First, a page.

IndieFile: Even as you’ve starred in more mainstream Hollywood films, your career still seems at least in part devoted to independent film — I’m thinking of movies like this one and Blind Date. Is that something important for you to maintain?
Clarkson: I don't really care about the labels, independent or studio. I do love making independent films, obviously. It's given me a great career path. High Art really shifted everything for me, really placed me into the independent film world. But it was just serendipitous. I just walk into this audition and I didn't know it would really change my life in this single film. It can happen. That's what we always dream of happening, and I was one of the lucky ones that it did. But I didn't set out thinking, oh my goodness, I’m going to make independent films. But I did get swept into this independent film world that I am very much proud to be a part of. I have more opportunities in the independent film world, and I'm drawn to a lot of directors that work in that world. But I do like making studio films. Don't get me wrong.
IndieFile: What’s a film of yours on DVD that you think people who enjoy your work should check out?
Clarkson: I've done so many beautiful films. I want people to see Blind Date. It didn't have a wide release. I want people to see Elegy. I think there's a beauty and power in these films, and maybe not a lot of people saw them. And I loved working with these directors. Married Life, a beautiful film I did with Chris Cooper and Pierce Brosnan and Rachel McAdams. It's got a beautiful style and some people have really found it on DVD lately.
IndieFile: Regarding Cairo Time, how was it filming in Egypt? Had you been there before?
Clarkson: No, I'd never been to the Middle East, I'd never been to that part of the world, so it was sort of art imitating life, my character experiencing this city for the first time. So it was an awakening, a once-in-a-lifetime moment. I was there for seven, almost eight weeks, and I fell in love with the city. I think it's hard not to. I miss the Nile. I recently saw the American Ambassador to Egypt, I saw her in Cairo and in New York, and just we just talked about the power of the Nile and the power of Cairo. The Cairenes who worked on the film will always be a part of me in some ways because it was just a beautiful experience from beginning to end.
IndieFile: Did you do anything special for the Cairo Time DVD?
Clarkson: I have mixed feeling about actors being on DVDs. I love commentaries, I love the extras that come with the DVD, but this movie is so quiet and reserved, I love the fact that Alexander and I aren't a part of it. It's [director] Ruba [Nadda] and the DP talking about this canvas and this completely different world we were a part of. It's such a delicate, quiet film.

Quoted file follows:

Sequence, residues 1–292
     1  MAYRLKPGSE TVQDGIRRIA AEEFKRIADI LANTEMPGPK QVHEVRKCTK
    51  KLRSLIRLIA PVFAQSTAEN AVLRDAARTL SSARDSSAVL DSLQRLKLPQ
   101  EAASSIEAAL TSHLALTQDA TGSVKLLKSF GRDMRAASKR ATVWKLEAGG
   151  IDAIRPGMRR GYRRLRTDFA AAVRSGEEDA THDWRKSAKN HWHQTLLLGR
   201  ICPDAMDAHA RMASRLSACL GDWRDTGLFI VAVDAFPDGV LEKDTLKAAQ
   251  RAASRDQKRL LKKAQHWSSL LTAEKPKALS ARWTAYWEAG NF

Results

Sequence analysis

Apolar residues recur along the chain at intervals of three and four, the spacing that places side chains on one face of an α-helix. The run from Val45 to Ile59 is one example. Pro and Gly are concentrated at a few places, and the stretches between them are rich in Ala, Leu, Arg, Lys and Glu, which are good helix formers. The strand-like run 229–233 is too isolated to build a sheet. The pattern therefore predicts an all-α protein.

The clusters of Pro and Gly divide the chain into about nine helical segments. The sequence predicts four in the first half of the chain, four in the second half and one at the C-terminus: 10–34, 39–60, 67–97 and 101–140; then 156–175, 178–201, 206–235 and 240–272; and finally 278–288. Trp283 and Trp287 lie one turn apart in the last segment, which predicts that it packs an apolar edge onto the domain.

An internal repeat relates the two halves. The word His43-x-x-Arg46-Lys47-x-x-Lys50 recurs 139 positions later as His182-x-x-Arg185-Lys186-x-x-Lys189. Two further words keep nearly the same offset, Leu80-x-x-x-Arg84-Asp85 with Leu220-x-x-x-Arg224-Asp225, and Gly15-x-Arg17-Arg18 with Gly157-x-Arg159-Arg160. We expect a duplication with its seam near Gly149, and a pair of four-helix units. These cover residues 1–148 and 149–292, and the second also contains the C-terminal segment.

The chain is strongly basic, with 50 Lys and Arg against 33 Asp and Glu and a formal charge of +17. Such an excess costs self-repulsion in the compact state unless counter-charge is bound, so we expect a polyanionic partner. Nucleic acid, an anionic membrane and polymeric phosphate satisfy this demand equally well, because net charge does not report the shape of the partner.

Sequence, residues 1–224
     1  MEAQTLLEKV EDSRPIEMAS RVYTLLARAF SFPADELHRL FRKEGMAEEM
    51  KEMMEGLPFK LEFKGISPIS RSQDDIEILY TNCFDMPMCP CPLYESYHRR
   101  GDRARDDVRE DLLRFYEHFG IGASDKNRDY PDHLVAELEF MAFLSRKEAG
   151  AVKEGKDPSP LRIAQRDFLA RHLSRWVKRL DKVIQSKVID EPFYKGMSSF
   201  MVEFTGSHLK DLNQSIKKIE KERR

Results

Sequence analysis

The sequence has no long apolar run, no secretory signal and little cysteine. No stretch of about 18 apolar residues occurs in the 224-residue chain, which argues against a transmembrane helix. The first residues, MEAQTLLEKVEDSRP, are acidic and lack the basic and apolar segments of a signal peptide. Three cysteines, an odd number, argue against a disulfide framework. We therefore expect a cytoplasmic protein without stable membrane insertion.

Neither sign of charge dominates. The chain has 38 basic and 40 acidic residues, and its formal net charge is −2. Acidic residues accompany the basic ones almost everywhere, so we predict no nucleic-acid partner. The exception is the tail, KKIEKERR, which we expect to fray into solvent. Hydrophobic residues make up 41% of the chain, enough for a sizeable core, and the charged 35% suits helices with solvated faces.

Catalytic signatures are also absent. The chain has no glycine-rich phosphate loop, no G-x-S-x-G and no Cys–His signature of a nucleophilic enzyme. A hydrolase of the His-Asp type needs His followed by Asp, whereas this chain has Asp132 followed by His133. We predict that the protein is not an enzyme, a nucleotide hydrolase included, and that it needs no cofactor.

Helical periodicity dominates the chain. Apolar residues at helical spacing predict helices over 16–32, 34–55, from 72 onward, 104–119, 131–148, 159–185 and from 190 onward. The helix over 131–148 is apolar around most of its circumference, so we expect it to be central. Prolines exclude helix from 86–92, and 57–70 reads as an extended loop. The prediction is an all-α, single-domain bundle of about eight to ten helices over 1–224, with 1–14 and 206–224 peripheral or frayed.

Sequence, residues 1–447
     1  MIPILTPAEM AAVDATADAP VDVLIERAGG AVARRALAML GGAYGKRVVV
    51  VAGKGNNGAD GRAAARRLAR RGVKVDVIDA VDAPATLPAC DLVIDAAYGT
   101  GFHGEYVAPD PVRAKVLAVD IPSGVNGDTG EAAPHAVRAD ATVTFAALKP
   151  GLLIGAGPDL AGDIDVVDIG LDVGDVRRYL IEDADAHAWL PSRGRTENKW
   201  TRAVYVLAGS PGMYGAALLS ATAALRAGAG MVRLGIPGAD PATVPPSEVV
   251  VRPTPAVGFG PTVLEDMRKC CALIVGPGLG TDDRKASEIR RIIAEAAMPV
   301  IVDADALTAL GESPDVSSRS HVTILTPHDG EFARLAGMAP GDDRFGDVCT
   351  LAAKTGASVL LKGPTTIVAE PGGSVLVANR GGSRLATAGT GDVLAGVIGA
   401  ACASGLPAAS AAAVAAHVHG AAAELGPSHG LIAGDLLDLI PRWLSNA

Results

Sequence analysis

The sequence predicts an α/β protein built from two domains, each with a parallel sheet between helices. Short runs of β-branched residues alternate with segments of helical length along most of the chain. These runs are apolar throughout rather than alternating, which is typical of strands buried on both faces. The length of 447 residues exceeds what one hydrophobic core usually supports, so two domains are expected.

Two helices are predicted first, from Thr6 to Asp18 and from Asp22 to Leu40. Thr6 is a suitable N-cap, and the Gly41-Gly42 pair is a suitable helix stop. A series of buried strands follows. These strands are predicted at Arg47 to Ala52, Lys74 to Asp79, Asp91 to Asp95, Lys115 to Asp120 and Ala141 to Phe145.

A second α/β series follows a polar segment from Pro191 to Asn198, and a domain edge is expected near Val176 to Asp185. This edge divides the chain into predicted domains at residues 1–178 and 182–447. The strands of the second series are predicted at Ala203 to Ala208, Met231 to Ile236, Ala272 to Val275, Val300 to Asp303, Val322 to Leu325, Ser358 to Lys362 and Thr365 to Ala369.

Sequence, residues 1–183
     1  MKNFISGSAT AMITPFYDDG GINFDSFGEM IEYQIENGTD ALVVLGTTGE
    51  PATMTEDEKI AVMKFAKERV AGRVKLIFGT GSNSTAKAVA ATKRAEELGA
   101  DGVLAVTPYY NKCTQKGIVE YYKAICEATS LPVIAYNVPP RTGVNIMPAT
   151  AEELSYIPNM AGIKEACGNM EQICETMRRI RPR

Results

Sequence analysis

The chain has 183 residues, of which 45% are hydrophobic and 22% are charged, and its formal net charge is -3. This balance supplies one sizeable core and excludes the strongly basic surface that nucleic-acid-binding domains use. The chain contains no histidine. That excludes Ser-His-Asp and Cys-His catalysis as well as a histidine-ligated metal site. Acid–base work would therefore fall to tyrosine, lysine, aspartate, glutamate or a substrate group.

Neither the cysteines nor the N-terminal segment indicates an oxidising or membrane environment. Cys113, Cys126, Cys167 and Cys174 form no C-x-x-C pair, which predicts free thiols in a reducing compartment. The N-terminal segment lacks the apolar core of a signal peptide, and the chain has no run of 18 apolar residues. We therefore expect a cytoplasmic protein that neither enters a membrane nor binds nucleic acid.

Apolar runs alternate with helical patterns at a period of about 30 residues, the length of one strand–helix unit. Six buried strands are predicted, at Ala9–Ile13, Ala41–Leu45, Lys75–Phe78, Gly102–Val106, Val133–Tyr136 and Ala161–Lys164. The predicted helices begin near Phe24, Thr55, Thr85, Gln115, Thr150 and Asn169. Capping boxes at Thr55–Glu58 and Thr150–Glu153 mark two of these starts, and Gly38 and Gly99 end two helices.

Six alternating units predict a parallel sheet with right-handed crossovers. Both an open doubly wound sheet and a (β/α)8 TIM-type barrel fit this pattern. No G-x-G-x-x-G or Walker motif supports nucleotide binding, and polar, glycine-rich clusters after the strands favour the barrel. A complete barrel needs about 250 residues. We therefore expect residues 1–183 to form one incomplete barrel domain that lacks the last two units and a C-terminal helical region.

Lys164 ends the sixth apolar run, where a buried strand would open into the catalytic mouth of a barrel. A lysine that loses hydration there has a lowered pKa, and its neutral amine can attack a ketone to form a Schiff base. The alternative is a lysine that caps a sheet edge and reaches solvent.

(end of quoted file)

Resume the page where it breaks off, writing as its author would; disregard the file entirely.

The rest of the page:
(The Cairo Time DVD/Blu-ray also includes an alternate ending, making-of featurette, Toronto Film Festival Q&A and short films by Nadda.)
By: Billy Gil
Nelson and Norton
When it came time for venerable character actor Tim Blake Nelson to direct his latest feature, Leaves of Grass (coming to DVD at $28.98 Oct. 12 from First Look Studios), Nelson looked for one actor in particular to drive the feature: Edward Norton, who plays identical twins in the film, one a scholar (Bill) and the other a pot dealer (Brady).
“We sat down together and had a very productive conversation in which we quickly understood how seriously we take what we do, even if we’re working on something that’s comic,” Nelson said. “And, of course, this movie is somewhat of a hybrid in that it’s comic but it gets pretty serious as well. Armed with the script and what I intended to do with it as well as the enthusiasm of Edward Norton, it was pretty easy to get everyone else to sign on.”
That “everyone else” includes Keri Russell as a sexy local English teacher who helps pull Bill out of his stuck-up ways, Susan Sarandon as his formerly hippie mother and Richard Dreyfuss and Nelson himself in bit roles. In the film, college professor Bill is coaxed by his troublesome brother to come back to Oklahoma, a home he’d rather forget.
Nelson himself is from Tulsa, and he said some of his experiences informed the black comedy whose name is inspired both by Walt Whitman and marijuana. He said in particular Southeastern Oklahoma, where much of the film takes place, has its problems due some of its marijuana-growing residents.
“The dangerous nature of that place … [is that] down any back road you can encounter tattooed people wielding firearms who are more interested in protecting their illicit crops than in property rights,” Nelson said. “It reaches mythic proportions in the state of Oklahoma, and I always wanted to write about that.”
But neither the film, nor Nelson, is particularly judgmental of the Bradies of the world.
“The dichotomy of Bill and Brady is, I guess, born of my own schizophrenia, having grown up in the Southwest and very much continuing to feel very rooted in that place but also having gone out and studied classics on the East Coast and now living in New York,” Nelson said. “The journey Bill goes on and the version of himself he ends up facing when he goes home is just an amplified rendition of what I myself feel as a person.”
And, speaking of his Southern background, Nelson says that of his numerous roles, he gets recognized as Delmar in the Coen Brothers’ O Brother, Where Art Thou? — especially when he’s in the South, or in Los Angeles or New York.
Nelson said the Leaves of Grass DVD and Blu-ray Disc are “chockblock” with bonus features, including a commentary with Nelson, Norton and producer Bill Migliore, as well as deleted scenes and interviews with the cast and crew.
By: Billy Gil